DE DOORNS, South Africa (Reuters) - South African police fired rubber bullets to disperse hundreds of striking farm workers in the grape-growing Western Cape on Wednesday, the first clashes of a year that looked set to be dominated by fractious labor relations.
On the main highway through the region 100 km (60 miles) east of Cape Town, strikers set up barricades of burning tires and pelted passing vehicles with stones, according to a Reuters reporter.
Scores of riot police backed by at least one armored vehicle responded with volleys of rubber bullets to keep the protesters from the roadside.
Africa’s largest economy saw waves of labor unrest last year that began in the platinum mining industry and swept through the trucking and agriculture sectors.
The unrest, including the police killing of 34 miners at Lonmin’s Marikana platinum mine in August, tarnished South Africa’s reputation among overseas investors and led to downgrades of its sovereign debt.
With the gold and coal mines - which employ more than 250,000 people - due to open two-yearly industry-wide wage talks in the next few months, analysts expect labor relations to cast a shadow over the economy, which is expected to eke out growth of 3 percent this year.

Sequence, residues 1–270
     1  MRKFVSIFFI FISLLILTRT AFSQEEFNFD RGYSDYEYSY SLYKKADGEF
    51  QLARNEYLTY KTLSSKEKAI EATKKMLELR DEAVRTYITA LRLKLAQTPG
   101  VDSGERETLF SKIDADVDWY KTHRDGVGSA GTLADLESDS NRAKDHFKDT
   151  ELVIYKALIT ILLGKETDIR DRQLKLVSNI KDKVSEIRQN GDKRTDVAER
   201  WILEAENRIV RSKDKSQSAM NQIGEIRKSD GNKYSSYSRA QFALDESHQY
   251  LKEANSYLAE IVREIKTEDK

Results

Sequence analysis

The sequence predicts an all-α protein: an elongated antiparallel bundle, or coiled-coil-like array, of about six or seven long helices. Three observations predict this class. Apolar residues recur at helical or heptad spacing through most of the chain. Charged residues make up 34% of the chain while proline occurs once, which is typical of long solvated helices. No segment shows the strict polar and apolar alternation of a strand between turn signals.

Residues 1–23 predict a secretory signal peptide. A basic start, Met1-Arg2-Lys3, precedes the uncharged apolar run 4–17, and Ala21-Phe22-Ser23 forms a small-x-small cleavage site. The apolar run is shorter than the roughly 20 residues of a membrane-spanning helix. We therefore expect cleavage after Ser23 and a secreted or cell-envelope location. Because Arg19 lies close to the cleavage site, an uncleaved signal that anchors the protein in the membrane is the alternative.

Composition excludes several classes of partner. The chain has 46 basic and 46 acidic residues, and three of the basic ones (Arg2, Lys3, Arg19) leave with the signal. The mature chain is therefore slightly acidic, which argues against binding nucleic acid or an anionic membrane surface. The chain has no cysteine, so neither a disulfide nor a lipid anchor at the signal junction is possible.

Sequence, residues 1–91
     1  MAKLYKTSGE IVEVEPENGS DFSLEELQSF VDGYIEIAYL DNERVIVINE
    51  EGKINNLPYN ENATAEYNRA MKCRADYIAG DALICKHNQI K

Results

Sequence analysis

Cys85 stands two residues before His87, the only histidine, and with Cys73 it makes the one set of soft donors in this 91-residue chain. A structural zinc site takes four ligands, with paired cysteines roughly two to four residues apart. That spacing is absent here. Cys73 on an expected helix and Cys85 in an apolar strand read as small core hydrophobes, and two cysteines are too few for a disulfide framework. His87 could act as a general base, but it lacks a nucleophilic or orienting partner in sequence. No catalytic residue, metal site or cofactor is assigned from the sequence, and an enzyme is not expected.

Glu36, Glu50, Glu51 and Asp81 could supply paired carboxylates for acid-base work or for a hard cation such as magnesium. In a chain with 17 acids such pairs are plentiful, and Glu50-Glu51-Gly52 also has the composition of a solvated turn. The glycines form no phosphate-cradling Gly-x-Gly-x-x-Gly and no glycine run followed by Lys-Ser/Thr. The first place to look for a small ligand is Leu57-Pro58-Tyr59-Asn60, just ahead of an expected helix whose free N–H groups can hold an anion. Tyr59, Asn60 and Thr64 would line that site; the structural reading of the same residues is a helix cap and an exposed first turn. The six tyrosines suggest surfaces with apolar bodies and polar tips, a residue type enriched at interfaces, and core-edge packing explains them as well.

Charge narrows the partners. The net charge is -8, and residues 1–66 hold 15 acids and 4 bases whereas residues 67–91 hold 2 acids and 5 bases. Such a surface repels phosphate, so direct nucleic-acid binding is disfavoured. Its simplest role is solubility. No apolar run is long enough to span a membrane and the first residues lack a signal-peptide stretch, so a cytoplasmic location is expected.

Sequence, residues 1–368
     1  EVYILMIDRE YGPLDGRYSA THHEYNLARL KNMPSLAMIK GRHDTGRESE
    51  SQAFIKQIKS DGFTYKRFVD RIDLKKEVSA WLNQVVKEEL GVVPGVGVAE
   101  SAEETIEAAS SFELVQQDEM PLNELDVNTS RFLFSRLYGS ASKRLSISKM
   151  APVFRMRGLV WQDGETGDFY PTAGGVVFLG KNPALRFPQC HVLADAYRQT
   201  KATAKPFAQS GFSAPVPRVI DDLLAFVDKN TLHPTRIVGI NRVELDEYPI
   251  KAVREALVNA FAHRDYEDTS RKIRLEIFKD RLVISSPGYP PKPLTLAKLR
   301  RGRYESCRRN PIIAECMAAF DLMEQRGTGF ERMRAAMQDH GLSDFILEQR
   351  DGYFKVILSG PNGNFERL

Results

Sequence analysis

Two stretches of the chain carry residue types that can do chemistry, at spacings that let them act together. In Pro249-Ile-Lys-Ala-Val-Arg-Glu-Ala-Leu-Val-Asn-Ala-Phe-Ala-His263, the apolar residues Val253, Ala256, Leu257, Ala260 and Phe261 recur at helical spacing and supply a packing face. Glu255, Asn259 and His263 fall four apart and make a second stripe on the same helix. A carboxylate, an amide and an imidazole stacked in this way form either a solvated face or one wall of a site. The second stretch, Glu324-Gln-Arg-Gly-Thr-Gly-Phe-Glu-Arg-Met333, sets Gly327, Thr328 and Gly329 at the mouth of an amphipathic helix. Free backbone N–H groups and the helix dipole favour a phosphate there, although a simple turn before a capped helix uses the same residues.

The government says South Africa needs annual growth of 7 percent to bring down unemployment of around 25 percent.
“There is no doubt that, when determining the agenda for this year, labor relations should be written in bold,” Business Day, South’s Africa’s leading business daily, said in an editorial.
The farm workers strike in the Western Cape, home to South Africa’s multi-billion-dollar wine industry, follows a similar walkout in December in which warehouses were set on fire and at least two workers died in clashes with police.
The farm workers, many of them black seasonal hires employed to pick and pack fruit on farms that are mainly owned by the white minority, want their minimum daily wage of 69 rand ($8) more than doubled to 150 rand.
“We are struggling. It is very difficult to survive on 69 rand a day. School is starting and we don’t have money for school clothes,” said Lena Lottering, 35, a mother of three.
“There is no food on the table and my children often go to bed hungry.”
Another worker, Aubrey Louw, 47, told Reuters he had worked on the farms since the 1970s when he received 45 rand a day.
“Now we get 65 rand. What is that? We want 150 rand. Farmers would rather employ security guards and buy new cars than pay us,” he said.
When talks to avert the strike broke down this week, union leaders blamed the intransigence of the white farmers, highlighting the racial and wealth divisions that continue to rankle 18 years after the end of apartheid.
“We have been met with naked racism and white arrogance,” said union leader Nosey Pieterse, general secretary of the Bawsi Agricultural Workers Union of South Africa.
Reporting by Wendell Roelf; Writing by David Dolan; Editing by Ed Cropley